Dec 12, 2013
Steve Wasserman on the Scourge of Czarist Russia
Posted on May 20, 2010
In 1843, the tribes of Great and Little Chechnya are besieged by Russian troops. Shamyl’s men are occupied elsewhere and can send no aid. The Chechnyans’ predicament is increasingly desperate, and rather than continue a futile resistance, they conclude that the better part of valor is to submit to the czar. Fear of Shamyl’s wrath, however, prompts them to send a delegation to Dargo, then his mountain headquarters, to beg his permission. But no one has the courage to ask directly. Instead, they decide to ask Shamyl’s aged mother to intercede on their behalf. She is known to exercise a considerable and moderating influence over her fanatic son. He is said to revere her and to confide in her as to no one else apart from Fatimat, his first wife.
She listens to their entreaties and agrees to speak to her son on their behalf. At midnight, he emerges from her audience with him, his face inscrutable, and strides directly to the nearby mosque, where he remains alone for the rest of the night. His mother tells the trembling Chechnyans that the imam says it is for Allah to decide and that therefore he has gone to the mosque, where, with prayer and fasting, he will await Allah’s command.
For three days and three nights he stays closeted in the mosque. Finally, he sends word that the entire population of Dargo, along with the delegation from Chechnya, is to assemble in the town’s square to hear the divine decision. The people wait for Shamyl to emerge. They have been wailing and praying on their knees for hours.
Suddenly the doors of the mosque are flung open and Shamyl appears, “livid pale, his half-closed cat’s eyes glinting.” He stands stock still, “as if turned to stone,” expressionless. A silence descends; the streets and rooftops are empty, only the dogs prowl. Two of his executioners accompany his mother, who kneels before him. Shamyl raises his left hand: “Mighty Prophet, Thy will be done! Thy words are law to thy servant Shamyl. Inhabitants of Dargo! I bring you black news. Your brothers, the Chechnyans, have spoken shamefully of submission to the czar. But they knew their audacity, their lack of faith, their dishonour: they did not dare to face me themselves, but used my mother, through her womanly weakness, to approach me. For love of her, as proof of her persuasions, I laid their request before Mohammed, Allah’s prophet. For three days and nights I have sought the Prophet’s judgment. And now, at last, he has deigned to answer my prayers. … It is Allah’s will that the first person who spoke to me of submission should be punished by a hundred lashes! And this first person is my mother!”
The Sabres of Paradise: Conquest and Vengeance in the Caucasus
By Lesley Blanch
Tauris Parke Paperbacks, 512 pages
The crowd gasps, the mother cries out and falls to the ground. The assemblage begins to wail. His henchmen bind his mother, and Shamyl seizes the whip from his executioners and begins to lash the shrieking woman. At the fifth blow, she faints and Shamyl flings himself across her body, sobbing uncontrollably.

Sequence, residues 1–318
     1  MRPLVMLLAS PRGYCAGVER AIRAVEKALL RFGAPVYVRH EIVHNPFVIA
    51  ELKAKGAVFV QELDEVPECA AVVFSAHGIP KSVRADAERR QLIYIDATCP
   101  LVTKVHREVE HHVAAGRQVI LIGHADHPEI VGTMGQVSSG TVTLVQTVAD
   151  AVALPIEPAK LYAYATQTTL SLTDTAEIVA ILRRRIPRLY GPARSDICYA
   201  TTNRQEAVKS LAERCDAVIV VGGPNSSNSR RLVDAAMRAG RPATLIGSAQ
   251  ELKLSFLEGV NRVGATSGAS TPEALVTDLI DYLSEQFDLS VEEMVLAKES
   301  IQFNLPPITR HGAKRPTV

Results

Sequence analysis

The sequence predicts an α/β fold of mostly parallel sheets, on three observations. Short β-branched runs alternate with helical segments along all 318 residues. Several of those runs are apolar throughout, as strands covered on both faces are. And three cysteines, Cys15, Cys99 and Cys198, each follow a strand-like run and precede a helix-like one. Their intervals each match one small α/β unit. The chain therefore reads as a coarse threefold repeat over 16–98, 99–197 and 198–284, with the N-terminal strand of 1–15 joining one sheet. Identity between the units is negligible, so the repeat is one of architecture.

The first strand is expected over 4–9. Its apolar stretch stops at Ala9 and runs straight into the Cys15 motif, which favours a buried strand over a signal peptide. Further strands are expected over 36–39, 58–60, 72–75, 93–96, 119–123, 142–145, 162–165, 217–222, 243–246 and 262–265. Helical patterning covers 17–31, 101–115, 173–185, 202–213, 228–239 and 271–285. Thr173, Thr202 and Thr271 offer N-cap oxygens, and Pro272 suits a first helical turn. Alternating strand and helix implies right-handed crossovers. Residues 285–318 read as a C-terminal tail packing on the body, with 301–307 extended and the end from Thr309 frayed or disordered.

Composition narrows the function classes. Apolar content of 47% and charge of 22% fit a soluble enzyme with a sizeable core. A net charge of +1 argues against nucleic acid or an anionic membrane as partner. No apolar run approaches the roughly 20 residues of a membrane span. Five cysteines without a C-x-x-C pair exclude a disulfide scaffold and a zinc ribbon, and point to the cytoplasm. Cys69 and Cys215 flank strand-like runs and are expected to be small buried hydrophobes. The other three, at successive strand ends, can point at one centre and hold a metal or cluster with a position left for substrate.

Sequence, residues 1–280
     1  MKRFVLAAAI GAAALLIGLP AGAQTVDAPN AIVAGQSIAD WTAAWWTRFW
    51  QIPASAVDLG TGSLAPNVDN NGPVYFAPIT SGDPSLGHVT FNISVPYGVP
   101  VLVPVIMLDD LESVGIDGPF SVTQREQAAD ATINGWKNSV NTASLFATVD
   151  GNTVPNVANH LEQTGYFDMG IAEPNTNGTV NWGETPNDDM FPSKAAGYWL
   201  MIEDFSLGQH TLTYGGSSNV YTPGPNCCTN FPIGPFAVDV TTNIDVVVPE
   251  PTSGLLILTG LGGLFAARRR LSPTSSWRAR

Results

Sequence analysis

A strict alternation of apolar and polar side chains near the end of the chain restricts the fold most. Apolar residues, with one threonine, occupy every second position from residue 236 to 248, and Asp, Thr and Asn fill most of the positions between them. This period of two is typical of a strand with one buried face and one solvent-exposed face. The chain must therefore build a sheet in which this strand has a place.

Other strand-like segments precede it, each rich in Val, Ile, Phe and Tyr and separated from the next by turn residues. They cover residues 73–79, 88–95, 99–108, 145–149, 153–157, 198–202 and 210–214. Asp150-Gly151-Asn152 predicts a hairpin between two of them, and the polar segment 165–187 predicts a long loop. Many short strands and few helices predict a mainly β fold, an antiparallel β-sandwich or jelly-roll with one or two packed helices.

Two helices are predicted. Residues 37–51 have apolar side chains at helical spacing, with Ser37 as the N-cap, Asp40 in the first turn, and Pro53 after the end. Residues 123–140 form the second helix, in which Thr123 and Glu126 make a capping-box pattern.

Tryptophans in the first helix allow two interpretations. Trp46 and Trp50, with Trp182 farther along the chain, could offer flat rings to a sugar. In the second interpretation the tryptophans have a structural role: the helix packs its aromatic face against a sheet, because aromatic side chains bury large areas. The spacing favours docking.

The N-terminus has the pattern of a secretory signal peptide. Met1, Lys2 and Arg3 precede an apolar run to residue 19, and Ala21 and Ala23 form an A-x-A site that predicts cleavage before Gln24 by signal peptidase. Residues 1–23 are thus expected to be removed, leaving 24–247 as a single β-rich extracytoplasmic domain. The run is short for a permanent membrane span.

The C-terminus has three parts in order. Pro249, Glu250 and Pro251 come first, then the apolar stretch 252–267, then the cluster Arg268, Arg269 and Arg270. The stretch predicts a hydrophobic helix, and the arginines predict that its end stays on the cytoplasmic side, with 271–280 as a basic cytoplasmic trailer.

Suddenly, he springs to his feet, “his face now radiant, his eyes ‘darting flames.’ ” “Allah is great!” he cries. “Mohammed is his first Prophet, and I am his second! My prayer is answered! He allows me to take upon myself the remainder of the punishment to which my wretched mother was condemned. I accept with joy! I welcome the lash! It is the sign of your favor, O Prophet!” He tears open his tunic and orders his executioners “to deliver the rest of the 95 lashes upon his own back, threatening them with death if they do not strike hard enough.” He kneels beside his unconscious mother.
The blows begin to fall. He utters not a sound, and only the thwack of the lash upon his back can be heard. No grimace distorts his impassive face nor is any grunt of pain permitted to escape his lips. At last, the final blow is delivered. Shamyl, his shoulders bleeding, rises to his feet: “Where are the Chechnyan traitors? Where is the deputation who brought this punishment upon mother?”
The Chechynans grovel, they lay in the dust, prostrate with fear. They await their fate, unable even to beg for mercy.
Shamyl orders them to stand, enjoins them to “take heart, to have courage and faith.” He tells them to “Return to your homes. Tell your people what you have seen and heard here. Depart in peace. Hold fast to the rope of God. Farewell.”
Needless to say, there was no further talk of submission. Shamyl’s place as Allah’s prophet upon earth was secure.
Until one day it wasn’t. In the end, he would not be able to overcome the Russians might and he and his stalwart sons would be forced to surrender, his people decimated, the victims of a nearly genocidal policy pursued by a series of successive Russian generals who did not scruple to cut down whole forests to deny Shamyl’s warriors the cover and refuge they needed to survive.
What happened next is utterly surprising, and it would be a sin to even hint at it in this review. Suffice to say, the reader who spends time with “The Sabres of Paradise” will find instruction of a sort that will not soon be forgotten.
Steve Wasserman is literary editor of Truthdig and works as a literary agent in New York for Kneerim & Williams, whose website is www.kwlit.com.
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